U.S. single-family home prices were unchanged in May on a monthly basis and were revised to show an increase in April, though prices were still down compared to a year earlier, a closely watched survey said on Tuesday.
The S&P/Case Shiller composite index of home prices in 20 metropolitan areas held steady on a seasonally adjusted basis and in line with economists' expectations, according to a Reuters poll.
The index was revised to show a gain of 0.4 percent in April, which was originally reported as a decrease of 0.1 percent.
On a non-seasonally adjusted basis, the index rose 1 percent, the second month of gains in a row, the report said.
"This is a seasonal period of stronger demand for houses, so monthly price increases are to be expected," David Blitzer, chairman of the index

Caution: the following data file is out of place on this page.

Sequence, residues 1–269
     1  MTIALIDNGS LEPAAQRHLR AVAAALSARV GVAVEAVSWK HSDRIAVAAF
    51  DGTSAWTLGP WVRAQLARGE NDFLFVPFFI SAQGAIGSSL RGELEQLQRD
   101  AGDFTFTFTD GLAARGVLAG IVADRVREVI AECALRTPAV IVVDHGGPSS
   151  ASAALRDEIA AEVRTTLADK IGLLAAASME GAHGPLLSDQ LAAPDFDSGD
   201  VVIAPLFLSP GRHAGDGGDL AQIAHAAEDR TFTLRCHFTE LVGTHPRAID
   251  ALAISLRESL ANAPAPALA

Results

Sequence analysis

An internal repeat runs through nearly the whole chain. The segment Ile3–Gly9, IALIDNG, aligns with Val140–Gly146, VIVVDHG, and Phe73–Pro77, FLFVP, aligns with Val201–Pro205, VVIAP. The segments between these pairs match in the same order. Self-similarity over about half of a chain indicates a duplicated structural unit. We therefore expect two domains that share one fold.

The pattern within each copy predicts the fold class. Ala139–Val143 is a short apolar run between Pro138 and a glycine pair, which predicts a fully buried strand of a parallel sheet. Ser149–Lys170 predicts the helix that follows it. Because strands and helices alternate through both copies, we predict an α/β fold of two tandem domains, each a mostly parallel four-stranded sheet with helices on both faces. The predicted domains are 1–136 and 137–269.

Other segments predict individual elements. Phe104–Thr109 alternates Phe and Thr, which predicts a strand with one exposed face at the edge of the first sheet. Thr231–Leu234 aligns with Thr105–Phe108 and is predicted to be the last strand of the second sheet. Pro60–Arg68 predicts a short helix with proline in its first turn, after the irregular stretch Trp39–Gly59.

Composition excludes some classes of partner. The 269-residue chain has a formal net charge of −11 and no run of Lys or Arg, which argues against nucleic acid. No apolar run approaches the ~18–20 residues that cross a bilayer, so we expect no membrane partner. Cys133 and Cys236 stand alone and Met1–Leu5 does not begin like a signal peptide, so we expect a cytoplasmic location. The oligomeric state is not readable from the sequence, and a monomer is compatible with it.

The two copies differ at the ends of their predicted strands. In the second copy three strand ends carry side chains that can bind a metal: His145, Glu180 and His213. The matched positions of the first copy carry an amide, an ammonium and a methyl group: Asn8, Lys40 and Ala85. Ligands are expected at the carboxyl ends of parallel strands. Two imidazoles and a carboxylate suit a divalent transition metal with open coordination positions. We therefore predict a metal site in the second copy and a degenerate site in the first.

committee at Standard & Poor's, said in a statement. "The concern is that much of the monthly gains are only seasonal."
Prices in the 20 cities fell 4.5 percent year-over-year, which was also in line with forecasts.
"While we saw some improvement on a monthly basis, the overwhelming likelihood is that we've not seen a bottom in housing yet—and for good reason," said Michael Woolfolk, senior currency strategist at BNY Mellon. "Financing for mortgages is not there yet and bank appetite to extend credit has yet to recover."